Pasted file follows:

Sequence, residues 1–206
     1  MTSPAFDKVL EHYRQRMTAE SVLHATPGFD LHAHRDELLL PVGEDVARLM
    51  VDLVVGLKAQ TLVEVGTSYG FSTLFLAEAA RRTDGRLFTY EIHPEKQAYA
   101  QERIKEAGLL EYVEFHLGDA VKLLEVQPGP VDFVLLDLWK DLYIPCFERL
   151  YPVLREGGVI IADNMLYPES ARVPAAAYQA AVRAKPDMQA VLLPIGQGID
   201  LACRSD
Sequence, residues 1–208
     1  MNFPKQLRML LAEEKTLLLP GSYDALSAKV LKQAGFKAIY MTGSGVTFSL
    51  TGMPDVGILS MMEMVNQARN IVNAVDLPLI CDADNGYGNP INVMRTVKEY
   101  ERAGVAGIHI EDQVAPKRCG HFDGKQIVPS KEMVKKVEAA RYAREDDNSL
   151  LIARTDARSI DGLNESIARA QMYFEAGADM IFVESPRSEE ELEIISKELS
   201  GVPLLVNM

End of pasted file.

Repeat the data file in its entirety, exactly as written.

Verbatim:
Sequence, residues 1–206
     1  MTSPAFDKVL EHYRQRMTAE SVLHATPGFD LHAHRDELLL PVGEDVARLM
    51  VDLVVGLKAQ TLVEVGTSYG FSTLFLAEAA RRTDGRLFTY EIHPEKQAYA
   101  QERIKEAGLL EYVEFHLGDA VKLLEVQPGP VDFVLLDLWK DLYIPCFERL
   151  YPVLREGGVI IADNMLYPES ARVPAAAYQA AVRAKPDMQA VLLPIGQGID
   201  LACRSD
Sequence, residues 1–208
     1  MNFPKQLRML LAEEKTLLLP GSYDALSAKV LKQAGFKAIY MTGSGVTFSL
    51  TGMPDVGILS MMEMVNQARN IVNAVDLPLI CDADNGYGNP INVMRTVKEY
   101  ERAGVAGIHI EDQVAPKRCG HFDGKQIVPS KEMVKKVEAA RYAREDDNSL
   151  LIARTDARSI DGLNESIARA QMYFEAGADM IFVESPRSEE ELEIISKELS
   201  GVPLLVNM